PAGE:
Some Thoughts on the First Day of the Emerging Technologies for Online Learning Conferece

So far my time at the Emerging Technologies for Online Learning has been enojoyable, engaging, and thought provoking. The conference is a time to meet new people and learn about new and (hopefully) better ways to utilize online learning. If you do not know about the Online Learning Consortium you should really check it out. They are the leading organization in online learning and have a plethora of resources to aid the many different positions associated with online education. I thought I would offer a couple observations from my first day here at the conference.

Thoughts

  1. Getting faculty buy-in is a widespread concern for all different types of institutions but especially smaller liberal arts institutions. In order to change the negative perceptions associated with online learning it is going to take leaders (not managers) to influence faculty and administration to the benefits of online education.[1]
  2. Training faculty and grad students to be able to teach online is a difficult process. Two difficulties emerge: 1) faculty who have been teaching on-campus for years will usually find it difficult to also teach in an online environment effectively 2) recent grad students are usually compentent in their field but this does not transfer to be able to teach online or in person effectively.
  3. Ironically, in a conference devoted to emerging technologies it is surprisingly to see some of the options presented as effective means of education. New is not necessarily better and just because we can do something doesn’t mean that we should.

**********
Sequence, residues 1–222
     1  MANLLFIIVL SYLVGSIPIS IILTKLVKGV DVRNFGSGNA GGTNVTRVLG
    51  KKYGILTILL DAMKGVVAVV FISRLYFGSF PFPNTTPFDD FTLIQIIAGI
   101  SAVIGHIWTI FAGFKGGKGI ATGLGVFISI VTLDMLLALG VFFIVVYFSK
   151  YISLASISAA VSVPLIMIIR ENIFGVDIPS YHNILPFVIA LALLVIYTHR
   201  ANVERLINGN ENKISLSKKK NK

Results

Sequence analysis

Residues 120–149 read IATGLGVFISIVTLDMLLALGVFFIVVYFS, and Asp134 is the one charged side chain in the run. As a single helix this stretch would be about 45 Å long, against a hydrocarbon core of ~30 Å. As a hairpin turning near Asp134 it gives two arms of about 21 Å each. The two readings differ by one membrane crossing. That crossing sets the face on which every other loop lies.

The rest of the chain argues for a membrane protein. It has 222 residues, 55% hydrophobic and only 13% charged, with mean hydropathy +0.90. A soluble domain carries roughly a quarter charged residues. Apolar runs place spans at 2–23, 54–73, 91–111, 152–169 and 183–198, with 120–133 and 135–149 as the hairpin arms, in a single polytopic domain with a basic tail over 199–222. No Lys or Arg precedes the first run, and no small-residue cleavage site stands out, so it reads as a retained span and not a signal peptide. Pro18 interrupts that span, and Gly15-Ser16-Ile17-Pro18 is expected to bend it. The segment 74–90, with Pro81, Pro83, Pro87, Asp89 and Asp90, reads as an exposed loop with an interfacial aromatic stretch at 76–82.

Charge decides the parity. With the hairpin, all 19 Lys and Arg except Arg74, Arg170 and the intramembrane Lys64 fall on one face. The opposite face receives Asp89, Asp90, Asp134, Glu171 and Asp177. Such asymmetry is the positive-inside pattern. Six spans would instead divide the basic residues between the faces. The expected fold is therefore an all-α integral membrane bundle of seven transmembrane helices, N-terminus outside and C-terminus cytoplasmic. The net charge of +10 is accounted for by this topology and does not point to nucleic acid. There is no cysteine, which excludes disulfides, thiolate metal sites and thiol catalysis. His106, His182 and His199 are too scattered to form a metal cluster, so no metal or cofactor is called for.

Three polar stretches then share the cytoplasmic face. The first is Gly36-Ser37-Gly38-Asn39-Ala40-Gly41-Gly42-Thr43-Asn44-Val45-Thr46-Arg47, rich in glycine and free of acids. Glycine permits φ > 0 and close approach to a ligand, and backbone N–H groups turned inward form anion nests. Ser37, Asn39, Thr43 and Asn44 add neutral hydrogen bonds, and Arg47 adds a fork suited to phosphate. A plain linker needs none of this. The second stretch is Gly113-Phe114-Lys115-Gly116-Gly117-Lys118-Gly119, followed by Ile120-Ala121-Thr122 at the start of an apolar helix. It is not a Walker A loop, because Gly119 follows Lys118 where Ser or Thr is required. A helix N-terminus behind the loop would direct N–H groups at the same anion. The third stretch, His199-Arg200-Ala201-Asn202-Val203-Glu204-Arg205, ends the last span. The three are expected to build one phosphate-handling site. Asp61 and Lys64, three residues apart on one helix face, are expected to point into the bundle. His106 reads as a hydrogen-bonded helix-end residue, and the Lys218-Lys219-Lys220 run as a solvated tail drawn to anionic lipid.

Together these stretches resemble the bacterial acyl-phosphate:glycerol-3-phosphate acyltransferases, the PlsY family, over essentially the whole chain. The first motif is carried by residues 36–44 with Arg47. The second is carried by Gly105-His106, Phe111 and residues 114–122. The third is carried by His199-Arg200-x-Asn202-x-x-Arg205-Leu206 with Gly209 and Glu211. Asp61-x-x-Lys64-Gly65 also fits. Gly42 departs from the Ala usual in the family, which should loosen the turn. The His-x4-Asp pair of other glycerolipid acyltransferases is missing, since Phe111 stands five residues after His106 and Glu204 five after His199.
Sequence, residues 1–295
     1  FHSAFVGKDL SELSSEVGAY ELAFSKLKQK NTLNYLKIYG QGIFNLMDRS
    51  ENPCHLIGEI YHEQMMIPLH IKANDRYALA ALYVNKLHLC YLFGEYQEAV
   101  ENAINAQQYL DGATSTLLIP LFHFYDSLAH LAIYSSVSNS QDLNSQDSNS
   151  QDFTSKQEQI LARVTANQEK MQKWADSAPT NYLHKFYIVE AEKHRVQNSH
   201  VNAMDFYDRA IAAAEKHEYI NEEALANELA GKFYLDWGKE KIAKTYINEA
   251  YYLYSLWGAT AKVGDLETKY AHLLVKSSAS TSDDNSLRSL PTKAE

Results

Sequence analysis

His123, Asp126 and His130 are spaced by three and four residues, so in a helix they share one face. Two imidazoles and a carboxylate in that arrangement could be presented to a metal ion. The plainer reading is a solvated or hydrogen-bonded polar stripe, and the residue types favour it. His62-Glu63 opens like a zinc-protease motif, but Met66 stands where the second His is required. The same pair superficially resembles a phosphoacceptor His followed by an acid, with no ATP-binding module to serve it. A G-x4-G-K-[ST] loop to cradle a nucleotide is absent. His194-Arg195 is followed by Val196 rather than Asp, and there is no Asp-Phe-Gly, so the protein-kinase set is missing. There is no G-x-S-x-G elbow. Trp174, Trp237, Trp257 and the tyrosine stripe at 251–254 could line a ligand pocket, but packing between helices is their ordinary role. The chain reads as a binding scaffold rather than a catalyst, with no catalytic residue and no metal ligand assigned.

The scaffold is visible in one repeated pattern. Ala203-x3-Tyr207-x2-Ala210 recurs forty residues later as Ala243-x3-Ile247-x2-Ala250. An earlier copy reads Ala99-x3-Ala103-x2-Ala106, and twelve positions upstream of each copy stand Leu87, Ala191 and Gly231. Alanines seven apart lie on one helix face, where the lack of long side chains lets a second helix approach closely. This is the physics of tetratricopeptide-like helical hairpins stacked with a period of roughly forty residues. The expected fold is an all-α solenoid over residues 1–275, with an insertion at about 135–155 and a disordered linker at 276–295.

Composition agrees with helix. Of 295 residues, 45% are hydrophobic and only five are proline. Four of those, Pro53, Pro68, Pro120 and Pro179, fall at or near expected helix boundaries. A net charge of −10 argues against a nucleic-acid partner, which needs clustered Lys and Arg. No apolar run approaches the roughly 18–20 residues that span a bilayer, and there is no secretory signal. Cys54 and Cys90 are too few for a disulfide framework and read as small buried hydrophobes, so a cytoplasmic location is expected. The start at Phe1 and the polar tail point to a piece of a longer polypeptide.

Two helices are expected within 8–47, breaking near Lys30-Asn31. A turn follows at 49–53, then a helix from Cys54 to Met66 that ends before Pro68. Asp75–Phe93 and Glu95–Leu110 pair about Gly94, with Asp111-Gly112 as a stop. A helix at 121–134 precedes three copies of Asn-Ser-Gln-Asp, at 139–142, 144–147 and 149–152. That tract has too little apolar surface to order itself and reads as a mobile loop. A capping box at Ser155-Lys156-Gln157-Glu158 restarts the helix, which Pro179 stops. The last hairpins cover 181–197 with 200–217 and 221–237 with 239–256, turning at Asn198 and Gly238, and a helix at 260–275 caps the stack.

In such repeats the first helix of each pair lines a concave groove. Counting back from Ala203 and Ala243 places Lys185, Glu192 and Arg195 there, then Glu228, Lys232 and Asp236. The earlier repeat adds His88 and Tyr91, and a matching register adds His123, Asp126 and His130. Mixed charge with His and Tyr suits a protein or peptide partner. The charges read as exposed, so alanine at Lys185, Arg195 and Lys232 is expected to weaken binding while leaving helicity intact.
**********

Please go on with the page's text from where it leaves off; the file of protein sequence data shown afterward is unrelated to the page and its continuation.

4. Visual aids for slides are still really bad

One excellent resource that I was alerted to is the website Metamorfosi. This website is dedicated to help graduate students become online instructors. It takes you through 4 units explaining how online learning differs from traditional education and how to teach better online.

Links of note

Quote of the Day

If graduates had a professor who cared about them as a person, made them excited about learning, and encouraged them to pursue their dreams, their odds of being engaged at work more than doubled, as did their odds of thriving and their well-being.


  1. As a side note I just want to say that I don’t think that online education is necessarily better. Pedagogy is a highly complex and multifaceted organism that takes much thought in many areas such as who we are as humans, how we interact and develop meaningful relationships, the nature of education (is it just information or should it be more broadly be defined as human formation), the influence of technology on us, and what technologies should we use.  ↩